Close to 3.5 crore people. But one mind. One message. We are all one. As the skies opened up and the shutters of dams were raised one by one, Kerala was in the grip of an unprecedented crisis. As flood waters rose several feet and swathes of landscape came crashing down, people too opened up their hearts in equal measure in rescue and relief works. Coincidently, it is the Onam season in Kerala and they took a cue from a good old song ‘when Maveli reigned over the land, all men were equals’.
As the crisis deepened, people mounted an exemplary operation rescuing thousands trapped in flooded houses. Lakhs were taken to relief camps. Hundreds of fishermen rushed to the trouble spots in their boats. None had asked them, but the sons of the sea knew better than anyone else what harm raging waters can do. Army and disaster redressal forces too did a yeoman service. Youth and student volunteers moved around collecting materials and reaching them to the needy. Several churches opened their gates and converted them into relief camps; priests went around monitoring relief operations; party offices became control rooms; social and religious organisations came out in large numbers to extend a helping hand.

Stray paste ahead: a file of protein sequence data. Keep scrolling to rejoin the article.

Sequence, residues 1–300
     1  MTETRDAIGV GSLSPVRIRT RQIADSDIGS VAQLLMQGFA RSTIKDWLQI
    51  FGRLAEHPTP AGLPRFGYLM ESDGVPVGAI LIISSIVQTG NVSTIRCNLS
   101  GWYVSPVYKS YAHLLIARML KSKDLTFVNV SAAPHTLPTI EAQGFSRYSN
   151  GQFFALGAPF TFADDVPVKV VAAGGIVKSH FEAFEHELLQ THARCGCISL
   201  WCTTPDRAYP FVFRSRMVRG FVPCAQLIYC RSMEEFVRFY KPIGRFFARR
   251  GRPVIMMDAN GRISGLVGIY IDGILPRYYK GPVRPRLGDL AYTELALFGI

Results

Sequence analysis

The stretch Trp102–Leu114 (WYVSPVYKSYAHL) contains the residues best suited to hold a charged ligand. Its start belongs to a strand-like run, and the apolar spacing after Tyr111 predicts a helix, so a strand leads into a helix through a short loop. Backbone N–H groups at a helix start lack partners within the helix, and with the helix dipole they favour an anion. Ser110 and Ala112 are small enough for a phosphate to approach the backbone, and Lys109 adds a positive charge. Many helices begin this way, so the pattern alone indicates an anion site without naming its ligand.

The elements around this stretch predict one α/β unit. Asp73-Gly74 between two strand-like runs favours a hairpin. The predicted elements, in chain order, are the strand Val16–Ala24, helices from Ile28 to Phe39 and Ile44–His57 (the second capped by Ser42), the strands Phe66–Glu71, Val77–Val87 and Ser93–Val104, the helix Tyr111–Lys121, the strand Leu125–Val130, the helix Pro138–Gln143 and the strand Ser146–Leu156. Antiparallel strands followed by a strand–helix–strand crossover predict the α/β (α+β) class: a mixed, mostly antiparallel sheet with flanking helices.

Many families opened up their homes to the victims; they posted on social media, “It is your home too as it is ours. Come and stay with us.” Temples offered money collected from their donation boxes to relief camps. The usually lethargic government officials worked for long hours, devoid of food and sleep. Collectors and district police chiefs spent sleepless nights piecing together the threads of relief work. Judges lent their shoulders in loading and unloading relief materials.
The media gave a break to its cantankerous panel discussions and focused on rescue and relief operations. They gathered information from the stranded and passed it on to the rescue teams. Kerala’s rescue efforts are a case study on how human spirit can trump divisive and polarising politics. The people stood together as one body; they did not allow divisive forces to hijack relief operations; and they pulled the State out of its biggest crisis in a century.
However, as people struggle to cope with the tragedy, the Centre’s delay in permitting the State to receive aid from foreign countries, citing technical reasons, has come as a rude shock. It is nothing but a step-motherly treatment. Reports say that Gujarat had received crores from foreign countries when an earthquake had struck the State in 2001. There are also some people with rotten minds and putrid brain who indulge in false propaganda. One such rambling speech came from a BJP media cell in-charge who mindlessly asked people not to donate money to Chief Minister’s relief fund as it might be pocketed by middlemen. He made yet another senseless statement that the victims are all middle class or rich people who do not require help. There are also reports of shopkeepers charging exorbitant rates and anti-social elements indulging in looting. These could be aberrations. But people have to isolate such voices and misdeeds. At a time when thousands are left homeless and lakhs of people are devoid of even the basic necessities to keep the body and soul together, nothing should hamper the good deeds being done by people.(Published on 27th August 2018, Volume XXX, Issue 35)